It was"¦ a lot of years ago today that we Cleopatra committed suicide via asp. So the story goes, anyway (see fact #9 for more on that possible myth). She was a fascinating woman, and speaking to that is the fact that not many figures in history have the same allure and air of mystery about them that Cleopatra still has. Here are a few of the stories that add to her legend.
1. Cleo was probably not the ravishing beauty history has turned her into.
Most accounts of her say that she had a hooked nose and rather masculine features (that's her on the coin pictured), but that her charm and wit more than compensated for her lack of petite features. I'd have to say her power probably added to her legend of beauty over the years - power can be awfully alluring.
2. She had her half-sister killed to ensure that no one would be able to threaten her status and power. That's pretty cold.
3. Who but Cleopatra could spend ten million sesterces (for reference, a loaf of bread probably cost about half a sestertius) on a single dinner? The story - which is probably just a story - goes like this: Cleopatra and Antony were messing around one night and she playfully bet him she could spend the astronomical amount on a meal. He couldn't fathom any food that would cost so much and agreed to the bet. The joke was on him when the second course - a cup of vinegar - was brought out. Cleo proceeded to remove one of her pearl earrings, drop it into the cup of vinegar to dissolve and then drink the whole concoction. We think it's just a story because vinegar is typically not strong enough to dissolve a pearl unless the pearl was pre-crushed.
4. She wasn't Egyptian. Cleopatra was a Macedonian Greek - in fact, her father was a direct descendant of Ptolemy I Soter, Alexander the Great's famed general. She was the first person in her family to speak fluent Egyptian"¦ just one of nine languages she mastered.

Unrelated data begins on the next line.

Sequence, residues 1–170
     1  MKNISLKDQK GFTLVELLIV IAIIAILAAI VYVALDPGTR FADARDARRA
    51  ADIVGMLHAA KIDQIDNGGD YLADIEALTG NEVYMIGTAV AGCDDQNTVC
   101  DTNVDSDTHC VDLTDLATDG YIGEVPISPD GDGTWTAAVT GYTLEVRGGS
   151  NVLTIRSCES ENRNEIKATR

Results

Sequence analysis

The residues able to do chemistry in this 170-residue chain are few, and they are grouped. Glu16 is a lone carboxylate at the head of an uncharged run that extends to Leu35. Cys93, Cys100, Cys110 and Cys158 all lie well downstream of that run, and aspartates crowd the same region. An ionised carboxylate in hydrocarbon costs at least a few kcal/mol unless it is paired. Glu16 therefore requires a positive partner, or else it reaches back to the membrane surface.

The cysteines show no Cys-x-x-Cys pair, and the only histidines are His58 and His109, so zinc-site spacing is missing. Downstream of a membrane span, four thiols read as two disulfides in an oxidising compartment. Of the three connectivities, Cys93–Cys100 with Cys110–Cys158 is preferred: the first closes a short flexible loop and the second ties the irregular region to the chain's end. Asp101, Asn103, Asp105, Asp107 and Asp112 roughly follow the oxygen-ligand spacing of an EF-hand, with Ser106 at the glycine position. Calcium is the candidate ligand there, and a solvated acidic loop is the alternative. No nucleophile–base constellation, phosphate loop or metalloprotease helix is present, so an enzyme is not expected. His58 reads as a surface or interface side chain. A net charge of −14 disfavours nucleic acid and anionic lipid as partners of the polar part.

5. Exactly how rich was Cleopatra? She makes Bill Gates look like a pauper. She had so much money, riches and assets that when Rome conquered Egypt in 30 B.C., her fortune was enough for Rome to be able to decrease the interest rate from 12 to four percent.
6. She ascended to the throne at the ripe old age of 17.
7. Many modern-day depictions show a glamorous woman with a dark head of smooth, straight hair with bangs.
The only thing that's right about this is that she likely had dark hair. The rest of it is pure Hollywood.
Cleopatra wore a wig of long, tight curls - no bangs. The only reason the other image has become so popular is that when the 1934 movie
was made, star Claudette Colbert had a signature hairstyle that included bangs. Her hairstyle may have influenced Elizabeth Taylor's in the later movie.
8. Speaking of that movie, the real Cleopatra certainly would have approved of Elizabeth Taylor's wardrobe for the 1963 epic. The budget for her 65 costumes was nearly $200,000, an unheard of amount for the time. One dress was even made from 24-carat gold cloth - fit for a queen, wouldn't you say?
9. Was she really bitten by an asp? Maybe. Maybe not. And maybe it was two asps. Strabo, a Greek historian who was alive when the Queen of the Nile did herself in, suggests that it may have been a toxic ointment, not an asp bite. Other accounts written within 10 years of her death say it was a pair of asps that bit her. No matter which way she went, one thing is almost for certain: she didn't kill herself because she was so heartbroken over the death of Antony. That's a lovely story, but their "love affair" has been much embellished over the centuries. The real reason she killed herself is likely related to the fall of Egypt to Rome and the fact that she was told she would be paraded through the streets of Rome in humiliation. Add that to the fact that she lost an unimaginable amount of wealth and you can see that Antony was probably just a small part of her decision to kill herself, if he even factored in at all. Oh, and one other myth: it's doubtful that the asps bit her on the breast. Prior to Shakespeare's romanticization of the event, all accounts reported that she was bitten on the arm.
10. We don't really know where Cleopatra is today. Legend has it that she was buried with Mark Antony somewhere in Egypt, and we really only know that because Plutarch told us so - if he was wrong, then we're way off. There's some evidence to suggest she had a tomb built for herself in Alexandria and that it now sits at the bottom of the ocean floor with the rest of the ancient city, but recent excavations have found some artifacts that may mean the couple is entombed at the
Taposiris Magna temple in Abusir, Egypt.